Thomas Jefferys was one of the most important English map publishers of the 18th century. His work included prints and maps of locations around the world, but his most notable maps are of North America and the West Indies. He began his career in the map trade in the early 1730s, working as an engraver for a variety of London publishers, and eventually setting up his own shop. In 1746, he was appointed Geographer to the Prince of Wales, and in 1760 he became Geographer to the King. These titles granted access to manuscripts and cartographic information held by the government. In the early 1760s he embarked on an ambitious project to produce a series of English county maps based on new surveys, but ran out of money and filed for bankruptcy in 1766. He then partnered with London publisher Robert Sayer, who reissued many of Jefferys plates and continued to issue new editions after Jefferys' death in 1771. Jefferys' American Atlas and the accompanying West-India Atlas, published post posthumously, are considered his most important cartographic works.
This is a great, large-scale map of Curacao in the Dutch Antilles just off the Venezuelan coast. It shows harbors, shoals and banks, Fort Amsterdam, plantations, salt pans, ruined houses, wells, anchorages and vegetation. The mountainous topography is shown by hachures. Includes an inset plan of Fort Amsterdam, present-day Willemstad, and four coastal profiles. Curacao was the center for the Dutch slave trade in the West Indies and changed hands between the various colonial powers several times in the 18th century. Drawn from the extremely rare map by Gerard van Keulen, this map by Jefferys is also quite uncommon.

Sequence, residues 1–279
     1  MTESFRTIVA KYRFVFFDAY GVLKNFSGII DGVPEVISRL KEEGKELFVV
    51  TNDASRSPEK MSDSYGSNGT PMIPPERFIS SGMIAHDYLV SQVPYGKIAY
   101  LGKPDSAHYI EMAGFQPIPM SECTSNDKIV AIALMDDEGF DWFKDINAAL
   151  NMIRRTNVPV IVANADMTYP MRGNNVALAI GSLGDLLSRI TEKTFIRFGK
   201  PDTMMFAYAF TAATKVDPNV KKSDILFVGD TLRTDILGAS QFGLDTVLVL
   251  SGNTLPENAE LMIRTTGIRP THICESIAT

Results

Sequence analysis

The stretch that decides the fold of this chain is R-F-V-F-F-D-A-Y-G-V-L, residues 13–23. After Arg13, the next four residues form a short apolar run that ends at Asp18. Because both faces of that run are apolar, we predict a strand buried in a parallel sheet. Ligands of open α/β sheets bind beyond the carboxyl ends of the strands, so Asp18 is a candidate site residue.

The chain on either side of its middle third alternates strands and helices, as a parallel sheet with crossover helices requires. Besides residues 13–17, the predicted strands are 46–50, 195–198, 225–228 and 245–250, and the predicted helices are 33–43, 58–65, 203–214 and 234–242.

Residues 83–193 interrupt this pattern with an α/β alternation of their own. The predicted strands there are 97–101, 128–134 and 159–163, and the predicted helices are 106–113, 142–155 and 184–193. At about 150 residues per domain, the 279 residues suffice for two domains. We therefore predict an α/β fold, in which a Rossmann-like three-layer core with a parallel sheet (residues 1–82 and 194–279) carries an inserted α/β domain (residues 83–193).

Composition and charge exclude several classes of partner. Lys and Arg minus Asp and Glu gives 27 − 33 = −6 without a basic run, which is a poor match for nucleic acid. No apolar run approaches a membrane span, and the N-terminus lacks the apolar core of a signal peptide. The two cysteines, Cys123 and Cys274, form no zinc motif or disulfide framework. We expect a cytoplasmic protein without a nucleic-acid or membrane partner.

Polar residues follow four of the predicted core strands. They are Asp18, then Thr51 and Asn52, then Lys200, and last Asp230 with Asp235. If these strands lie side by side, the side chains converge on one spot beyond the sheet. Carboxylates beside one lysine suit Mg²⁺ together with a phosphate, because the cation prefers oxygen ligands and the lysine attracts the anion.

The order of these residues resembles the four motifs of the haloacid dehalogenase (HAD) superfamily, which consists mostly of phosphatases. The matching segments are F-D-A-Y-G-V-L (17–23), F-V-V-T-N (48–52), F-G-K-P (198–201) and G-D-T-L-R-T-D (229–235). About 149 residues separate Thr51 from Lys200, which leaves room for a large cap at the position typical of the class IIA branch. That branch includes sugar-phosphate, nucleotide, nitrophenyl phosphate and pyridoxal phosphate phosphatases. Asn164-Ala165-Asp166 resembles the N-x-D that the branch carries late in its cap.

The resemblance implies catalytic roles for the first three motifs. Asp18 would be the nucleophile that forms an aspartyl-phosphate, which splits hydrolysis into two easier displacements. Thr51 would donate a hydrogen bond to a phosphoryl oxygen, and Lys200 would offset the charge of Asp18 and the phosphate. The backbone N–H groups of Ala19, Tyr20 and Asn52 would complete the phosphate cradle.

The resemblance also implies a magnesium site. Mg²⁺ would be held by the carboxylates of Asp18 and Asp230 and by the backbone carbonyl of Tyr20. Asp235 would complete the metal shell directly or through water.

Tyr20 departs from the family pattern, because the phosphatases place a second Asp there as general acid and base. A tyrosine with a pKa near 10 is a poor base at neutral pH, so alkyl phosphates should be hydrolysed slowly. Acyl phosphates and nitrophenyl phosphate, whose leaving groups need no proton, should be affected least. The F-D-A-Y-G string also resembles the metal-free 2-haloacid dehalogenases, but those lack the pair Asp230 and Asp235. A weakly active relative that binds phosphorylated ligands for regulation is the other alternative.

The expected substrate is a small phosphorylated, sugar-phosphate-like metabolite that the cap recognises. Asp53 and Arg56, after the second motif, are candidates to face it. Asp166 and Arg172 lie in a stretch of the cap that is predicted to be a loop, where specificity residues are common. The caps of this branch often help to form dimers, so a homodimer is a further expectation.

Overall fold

References: Shirley (BL Atlases) M.JEF-4a #39.
A crisp impression on a sheet with the watermarks of a large Strasburg Lily and the initials "LVG." There are a few small stains, marginal soiling, and light toning that is a bit more pronounced in the blank margins.